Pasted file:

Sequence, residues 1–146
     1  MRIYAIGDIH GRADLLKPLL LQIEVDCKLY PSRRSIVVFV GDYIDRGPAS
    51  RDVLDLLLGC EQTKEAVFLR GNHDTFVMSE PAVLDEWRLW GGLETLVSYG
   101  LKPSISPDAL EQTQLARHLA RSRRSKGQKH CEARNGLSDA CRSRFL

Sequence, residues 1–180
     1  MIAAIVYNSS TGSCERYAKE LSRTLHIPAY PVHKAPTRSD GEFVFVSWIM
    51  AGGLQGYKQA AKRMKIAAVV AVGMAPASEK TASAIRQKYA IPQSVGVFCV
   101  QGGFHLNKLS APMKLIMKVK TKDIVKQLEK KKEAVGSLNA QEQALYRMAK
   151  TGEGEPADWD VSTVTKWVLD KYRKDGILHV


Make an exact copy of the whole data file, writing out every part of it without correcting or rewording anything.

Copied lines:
Sequence, residues 1–146
     1  MRIYAIGDIH GRADLLKPLL LQIEVDCKLY PSRRSIVVFV GDYIDRGPAS
    51  RDVLDLLLGC EQTKEAVFLR GNHDTFVMSE PAVLDEWRLW GGLETLVSYG
   101  LKPSISPDAL EQTQLARHLA RSRRSKGQKH CEARNGLSDA CRSRFL

Sequence, residues 1–180
     1  MIAAIVYNSS TGSCERYAKE LSRTLHIPAY PVHKAPTRSD GEFVFVSWIM
    51  AGGLQGYKQA AKRMKIAAVV AVGMAPASEK TASAIRQKYA IPQSVGVFCV
   101  QGGFHLNKLS APMKLIMKVK TKDIVKQLEK KKEAVGSLNA QEQALYRMAK
   151  TGEGEPADWD VSTVTKWVLD KYRKDGILHV